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. Wood, New Institute of the Civil Law
305 (London, 4th edn., 1730):
“But all Confessions are not to be esteemed a discovery of the Truth, if there are
no other corroborating Circumstances. For sometimes Fear or a weariness of Life, or
some other Reason hath induced Men to make Confessions of those Things which they
were never guilty of. . . . But when the Confession is regular, and admitted by the
other Party, he ought to admit the whole as it is qualified, and when it is extended
to other matters which are done at the same time; unless there is a presumption against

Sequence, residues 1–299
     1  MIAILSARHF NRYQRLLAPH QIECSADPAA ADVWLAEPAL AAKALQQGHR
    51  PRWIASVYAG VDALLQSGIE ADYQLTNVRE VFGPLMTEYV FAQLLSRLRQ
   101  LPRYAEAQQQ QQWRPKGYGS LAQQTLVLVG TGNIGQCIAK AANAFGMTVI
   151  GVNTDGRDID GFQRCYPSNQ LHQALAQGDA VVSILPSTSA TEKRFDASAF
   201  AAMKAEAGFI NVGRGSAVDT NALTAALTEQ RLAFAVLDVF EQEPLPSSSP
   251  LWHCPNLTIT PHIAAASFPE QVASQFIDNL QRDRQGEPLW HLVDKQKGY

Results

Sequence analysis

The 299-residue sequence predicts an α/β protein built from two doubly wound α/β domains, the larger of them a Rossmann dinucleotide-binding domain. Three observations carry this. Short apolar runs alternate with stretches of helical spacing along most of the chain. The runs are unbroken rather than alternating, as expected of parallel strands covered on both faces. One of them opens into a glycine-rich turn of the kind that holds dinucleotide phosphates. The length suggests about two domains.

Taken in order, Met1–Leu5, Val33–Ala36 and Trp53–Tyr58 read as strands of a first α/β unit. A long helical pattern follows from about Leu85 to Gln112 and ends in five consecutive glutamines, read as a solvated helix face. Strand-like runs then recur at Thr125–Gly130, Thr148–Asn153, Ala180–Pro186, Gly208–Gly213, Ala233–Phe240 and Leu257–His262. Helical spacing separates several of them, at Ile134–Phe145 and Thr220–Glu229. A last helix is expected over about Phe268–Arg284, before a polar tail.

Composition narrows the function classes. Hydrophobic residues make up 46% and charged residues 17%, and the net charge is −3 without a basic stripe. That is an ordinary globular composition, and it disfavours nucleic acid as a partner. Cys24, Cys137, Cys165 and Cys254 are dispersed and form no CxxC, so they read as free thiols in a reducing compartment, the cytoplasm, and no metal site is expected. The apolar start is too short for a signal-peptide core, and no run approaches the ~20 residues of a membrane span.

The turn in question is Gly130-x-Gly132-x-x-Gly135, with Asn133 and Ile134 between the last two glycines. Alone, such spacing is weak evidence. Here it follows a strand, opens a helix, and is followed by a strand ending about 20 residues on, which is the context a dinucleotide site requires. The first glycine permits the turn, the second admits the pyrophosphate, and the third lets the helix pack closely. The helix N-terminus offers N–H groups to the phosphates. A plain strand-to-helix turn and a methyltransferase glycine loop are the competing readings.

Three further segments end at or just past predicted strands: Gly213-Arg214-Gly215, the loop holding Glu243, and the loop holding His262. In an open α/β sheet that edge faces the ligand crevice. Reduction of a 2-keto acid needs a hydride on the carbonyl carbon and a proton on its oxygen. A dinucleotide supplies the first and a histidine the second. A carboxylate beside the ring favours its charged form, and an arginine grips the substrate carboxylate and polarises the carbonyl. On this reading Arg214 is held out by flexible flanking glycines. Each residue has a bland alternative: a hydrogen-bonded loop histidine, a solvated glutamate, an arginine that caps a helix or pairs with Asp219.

that part. As when one confesses that he kill'd Titius in his own defense; the killing shall stand by it self as confessed, and the qualification must be proved, because the Law presumes design, and throws the proof upon the Criminal.”
The phrase between dashes in the text is presumably JA
Cite web page as: Founding Families: Digital Editions of the Papers of the Winthrops and the Adamses, ed.C. James Taylor. Boston: Massachusetts Historical Society, 2014.